How to Use the Magic Wand in Inkscape

Casey Roche
Last updated June 15, 2023

A common process when designing is selecting specific areas, colors, or shapes to selectively edit parts of the design. In popular editing software, such as Photoshop, users are generally familiar with the Magic Wand Tool, which enables users to select areas based on color.

However, Inkscape doesn’t have a Magic Wand Tool or anything similar to select colors easily. Luckily, there are workarounds to achieve the result you are looking for and to select objects of the same color or to remove the background of specific images.

Here are the best workarounds to achieving similar results to the Magic Wand Tool.

What Is the Magic Wand Tool?

The Magic Wand Tool selects areas that are the same or similar in color to the area you click on. The tool is a quick and easy way to select areas of similar colors. The tool is often used to remove the background or to make selective edits on a color or color range.

The reason there is no Magic Wand Tool in Inkscape is likely because Inkscape is a vector editing tool rather than a raster-based program. As a result, Inkscape is not suitable for editing images at this level.

Although, there is a way to select vector objects of the same color or type, which is the closest to a Magic Wand that users will get with the software. The process is suited for working with vector objects and will likely help you achieve your desired results. 

There is also a method to remove the background of images when the colors between the shape and the color vary enough, and the background isn’t complex. Here is how to use this function to select the same colored objects or to remove the background in some cases.

How to Select Vector Objects of the Same Color

If you are working with vector objects, such as shapes, and want to select all the shapes of the same color as you would using the Magic Wand Tool, you would use this method. Inkscape offers processes that choose objects with the same color, stroke, or style as the one you click on. 

To select vector objects of the same color, you need objects with the same fill or stroke color on the canvas. Here I have multiple circles with different colors. I want to select all the green-colored circles and change them to a light blue color.

To select the circles, activate the Select and transform objects tool (S) and click on one object that has the color you want to be selected.

Once one object with the color is selected, go to Edit > Select Same.

In the Select Same menu, you will find different options to select the rest of the objects. You can base the selection on the fill and stroke color, only the fill or only the stroke color, the stroke style, or the object type.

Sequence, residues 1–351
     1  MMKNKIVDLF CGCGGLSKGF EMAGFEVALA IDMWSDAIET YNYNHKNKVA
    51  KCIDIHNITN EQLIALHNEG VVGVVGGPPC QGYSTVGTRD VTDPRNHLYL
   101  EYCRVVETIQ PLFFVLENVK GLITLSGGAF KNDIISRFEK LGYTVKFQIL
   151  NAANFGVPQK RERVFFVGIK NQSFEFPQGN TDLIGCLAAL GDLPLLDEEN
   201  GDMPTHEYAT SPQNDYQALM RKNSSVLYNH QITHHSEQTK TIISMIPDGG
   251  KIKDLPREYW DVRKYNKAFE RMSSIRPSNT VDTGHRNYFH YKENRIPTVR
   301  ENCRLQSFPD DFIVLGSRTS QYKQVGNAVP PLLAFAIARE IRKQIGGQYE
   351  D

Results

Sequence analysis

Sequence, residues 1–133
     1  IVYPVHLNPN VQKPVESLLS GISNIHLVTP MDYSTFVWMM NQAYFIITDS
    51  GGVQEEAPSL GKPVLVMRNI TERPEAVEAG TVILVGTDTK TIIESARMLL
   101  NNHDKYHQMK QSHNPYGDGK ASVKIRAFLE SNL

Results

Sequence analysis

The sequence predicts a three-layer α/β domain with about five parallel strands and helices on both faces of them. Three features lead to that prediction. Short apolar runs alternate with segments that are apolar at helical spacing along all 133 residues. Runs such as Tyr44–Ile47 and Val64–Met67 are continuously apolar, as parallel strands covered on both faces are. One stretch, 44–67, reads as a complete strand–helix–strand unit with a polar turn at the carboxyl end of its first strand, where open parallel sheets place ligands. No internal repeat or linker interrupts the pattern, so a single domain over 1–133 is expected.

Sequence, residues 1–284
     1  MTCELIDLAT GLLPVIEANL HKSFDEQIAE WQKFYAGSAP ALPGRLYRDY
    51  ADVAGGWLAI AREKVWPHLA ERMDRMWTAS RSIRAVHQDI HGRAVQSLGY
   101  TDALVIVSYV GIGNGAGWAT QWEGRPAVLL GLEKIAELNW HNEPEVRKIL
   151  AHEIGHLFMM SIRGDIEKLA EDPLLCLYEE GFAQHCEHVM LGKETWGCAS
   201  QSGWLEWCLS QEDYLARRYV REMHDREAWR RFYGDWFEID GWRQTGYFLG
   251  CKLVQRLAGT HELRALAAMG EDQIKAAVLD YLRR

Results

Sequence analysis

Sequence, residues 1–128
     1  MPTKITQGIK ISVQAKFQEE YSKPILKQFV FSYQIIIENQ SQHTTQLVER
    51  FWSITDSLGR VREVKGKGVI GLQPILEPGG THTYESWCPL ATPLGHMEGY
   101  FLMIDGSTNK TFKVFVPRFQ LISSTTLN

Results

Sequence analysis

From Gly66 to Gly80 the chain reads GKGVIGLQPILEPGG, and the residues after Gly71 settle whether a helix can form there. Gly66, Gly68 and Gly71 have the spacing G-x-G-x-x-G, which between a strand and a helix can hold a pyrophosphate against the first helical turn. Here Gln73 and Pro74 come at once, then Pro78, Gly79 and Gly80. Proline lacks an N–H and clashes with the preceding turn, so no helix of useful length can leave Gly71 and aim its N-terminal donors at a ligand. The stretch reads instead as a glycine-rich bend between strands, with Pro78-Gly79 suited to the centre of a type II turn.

For my example, I want to select the Fill Color, so this will select all the objects with a green fill.

Once you select the option for your project, the objects with the same properties will be selected.

You can now change the color of the selected objects together.

How to Remove Simple Backgrounds Using the Fill Tool

The Fill bounded areas tool is the closest option to the Magic Wand tool when working on a raster image. The tool fills a sectioned-off area with a specific color. You can use this color to clip the image and remove the background while keeping the area with the color.

This method only works on simple images that have the same or similar colors on the object you want to keep.

I want to remove the background from this Ice cream cone photo from Unsplash.

To remove the background, activate the Fill bounded areas tool (U).

Next, adjust the settings in the top bar. Set the Fill by to Visible Colors. Then, change the Threshold level. The higher the Threshold, the more colors are included in the selection. If you have a very low Threshold, only the exact color you click on will be selected. A high Threshold selects similar colors to the one you’ve selected.

You will need to test the Threshold based on your image. A Threshold of 49 works for my image.

Once you have the settings right, click on the color you want to be selected. Depending on the Threshold setting, the color and similar colors will be filled with the color you used last.

The area filled with color is now a new shape, and you can use this shape to clip out the background. To do this, activate the Select and transform objects tool (S) and select both the image and the new shape.

Once the two are selected, go to Object > Clip > Set Clip.

The object will remain while the background has disappeared, which means you have successfully removed the image's background.